Tue 8 Jan 2008
Professor Alan White provides this discussion of the Introduction (pdf) for Education’s End by Anthony Kronman ’68. Today is the first meeting of our CGCL. The next meeting will be Thursday. Let the conversation begin!
I suggest the following questions for the ephblog discussion of Kronman’s Introduction:
(1) Must life have a meaning? Or might it be that life has no meaning, but lives can and perhaps even must have meanings?
(2) What could it mean to lead “a life with no meaning at all” (3)?
(3) Does living a meaningful life presuppose that there be an answer to “the question what living is for”?
(4) Assume that I am among the “people [who] make discoveries that help them to say, ‘My life has a value I recognize and cherish’” (6); does it follow that my life is meaningful, in any important sense?
(5) Assume that life has no meaning; does it follow that it is not worth living?
(6) Was the question of life’s meaning once central to the humanities? What evidence supports the thesis that it once was?
(7) What are “the humanities”?
At Williams, we don’t have them. Our divisions are I. Literature and the Arts, II. Social Studies, and III. Science and Mathematics. Somewhat paradoxically, we classify Political Science and Cognitive Science as Social Studies, and Maritime Studies and Environmental Studies under Science and Mathematics (that we have Social Studies, plural, but Science, singular, is also interesting – as is the fact that Math isn’t a science, but Computer Science is). When I was an undergrad at Tulane, Math was in the Humanities division. (For the basis of an argument that philosophy, as the universal science, has a transdivisional status, see here.)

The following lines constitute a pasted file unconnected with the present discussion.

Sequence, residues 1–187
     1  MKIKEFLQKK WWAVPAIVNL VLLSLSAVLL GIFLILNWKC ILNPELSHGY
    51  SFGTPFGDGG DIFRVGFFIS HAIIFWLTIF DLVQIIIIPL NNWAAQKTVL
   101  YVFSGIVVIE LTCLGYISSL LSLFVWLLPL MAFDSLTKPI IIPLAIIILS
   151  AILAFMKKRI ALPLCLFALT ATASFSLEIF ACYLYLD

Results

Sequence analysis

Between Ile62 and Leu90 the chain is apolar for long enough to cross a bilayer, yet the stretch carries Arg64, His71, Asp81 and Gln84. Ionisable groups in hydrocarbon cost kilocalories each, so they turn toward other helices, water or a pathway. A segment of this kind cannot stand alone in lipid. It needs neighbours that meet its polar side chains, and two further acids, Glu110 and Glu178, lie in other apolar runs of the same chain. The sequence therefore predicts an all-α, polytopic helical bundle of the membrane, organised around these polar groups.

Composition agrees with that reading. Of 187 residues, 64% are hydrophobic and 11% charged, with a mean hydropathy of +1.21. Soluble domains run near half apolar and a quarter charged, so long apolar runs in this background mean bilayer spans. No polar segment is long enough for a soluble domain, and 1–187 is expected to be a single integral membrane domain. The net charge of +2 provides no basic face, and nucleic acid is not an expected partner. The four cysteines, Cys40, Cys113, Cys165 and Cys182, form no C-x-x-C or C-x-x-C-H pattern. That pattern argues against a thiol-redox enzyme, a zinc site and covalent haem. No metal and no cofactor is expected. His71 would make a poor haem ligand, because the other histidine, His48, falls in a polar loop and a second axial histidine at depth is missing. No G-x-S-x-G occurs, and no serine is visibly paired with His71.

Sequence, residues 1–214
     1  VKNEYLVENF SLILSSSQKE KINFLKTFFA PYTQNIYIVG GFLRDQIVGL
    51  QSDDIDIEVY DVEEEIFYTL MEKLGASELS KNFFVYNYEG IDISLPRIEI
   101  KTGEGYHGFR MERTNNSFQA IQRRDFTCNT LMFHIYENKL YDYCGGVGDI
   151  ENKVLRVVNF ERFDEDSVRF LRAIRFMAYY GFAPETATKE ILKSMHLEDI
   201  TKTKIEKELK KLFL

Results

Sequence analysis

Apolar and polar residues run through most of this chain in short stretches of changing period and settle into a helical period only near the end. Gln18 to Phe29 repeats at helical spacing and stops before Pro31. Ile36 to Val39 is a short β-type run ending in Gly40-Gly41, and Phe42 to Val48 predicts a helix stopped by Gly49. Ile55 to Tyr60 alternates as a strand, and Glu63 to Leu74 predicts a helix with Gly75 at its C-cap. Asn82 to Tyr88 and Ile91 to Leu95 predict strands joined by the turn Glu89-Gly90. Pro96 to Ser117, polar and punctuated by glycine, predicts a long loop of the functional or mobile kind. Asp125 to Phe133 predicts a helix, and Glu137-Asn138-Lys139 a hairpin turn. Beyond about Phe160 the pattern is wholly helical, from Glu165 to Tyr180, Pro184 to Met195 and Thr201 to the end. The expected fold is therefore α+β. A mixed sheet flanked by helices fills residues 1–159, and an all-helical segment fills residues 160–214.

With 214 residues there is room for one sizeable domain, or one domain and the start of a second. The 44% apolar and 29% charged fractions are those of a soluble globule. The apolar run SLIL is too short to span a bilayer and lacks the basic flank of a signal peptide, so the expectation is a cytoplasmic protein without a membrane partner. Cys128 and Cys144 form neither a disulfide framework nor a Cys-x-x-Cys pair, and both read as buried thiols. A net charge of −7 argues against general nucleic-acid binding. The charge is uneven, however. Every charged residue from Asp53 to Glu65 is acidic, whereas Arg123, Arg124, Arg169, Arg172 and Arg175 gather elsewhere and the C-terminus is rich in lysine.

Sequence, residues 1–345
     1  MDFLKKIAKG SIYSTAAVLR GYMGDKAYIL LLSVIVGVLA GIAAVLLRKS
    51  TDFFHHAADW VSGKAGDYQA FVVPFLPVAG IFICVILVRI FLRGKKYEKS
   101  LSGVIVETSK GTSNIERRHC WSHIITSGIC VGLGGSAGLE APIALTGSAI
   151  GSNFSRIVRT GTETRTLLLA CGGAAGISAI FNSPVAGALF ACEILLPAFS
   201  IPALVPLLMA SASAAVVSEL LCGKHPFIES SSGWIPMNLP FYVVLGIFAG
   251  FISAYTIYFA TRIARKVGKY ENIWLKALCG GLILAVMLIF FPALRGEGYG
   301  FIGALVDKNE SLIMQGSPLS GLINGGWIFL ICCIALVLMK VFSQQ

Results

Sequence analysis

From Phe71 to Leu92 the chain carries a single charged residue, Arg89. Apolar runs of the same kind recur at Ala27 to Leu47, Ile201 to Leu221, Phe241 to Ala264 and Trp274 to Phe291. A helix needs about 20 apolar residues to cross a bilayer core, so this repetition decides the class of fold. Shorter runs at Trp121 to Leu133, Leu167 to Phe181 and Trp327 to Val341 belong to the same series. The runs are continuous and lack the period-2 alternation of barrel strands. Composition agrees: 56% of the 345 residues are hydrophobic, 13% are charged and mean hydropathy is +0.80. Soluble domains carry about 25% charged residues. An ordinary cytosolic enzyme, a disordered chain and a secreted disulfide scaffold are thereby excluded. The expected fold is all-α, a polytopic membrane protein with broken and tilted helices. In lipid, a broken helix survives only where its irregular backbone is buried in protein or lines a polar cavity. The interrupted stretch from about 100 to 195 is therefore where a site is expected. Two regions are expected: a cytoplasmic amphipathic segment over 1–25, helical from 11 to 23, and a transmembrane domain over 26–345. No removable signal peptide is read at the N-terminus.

(7) What does it mean to have the “authority to lead the search for an answer to the question of life’s purpose and value” (8)? Is this the same “authority” that “our churches now monopolize” (7)? If not, how do the two differ?
(8) Are great philosophical works best described as “great works of … philosophical imagination” (6)? Are there no great works of philosophical reason – or, if there are, are they less deserving of “careful but critical reading”?
(9) Should “the exploration of life’s mystery and meaning through the careful but critical of the great works of literary and philosophical imagination” be restricted to those works “that we have inherited from the past”? If so, how old should works have to be in order to qualify as “past”?
Thanks to Professor White for this contribution.
1) The Introduction (linked to above) provides a good overview of Kronman’s argument. Even if you don’t have time to read the whole book, you will find those 8 pages interesting, not least for their specific mentions of Williams. Perhaps an even better overview of the book is this interview with Kronman.
2) My initial thoughts, based on just the publishers description, are here.
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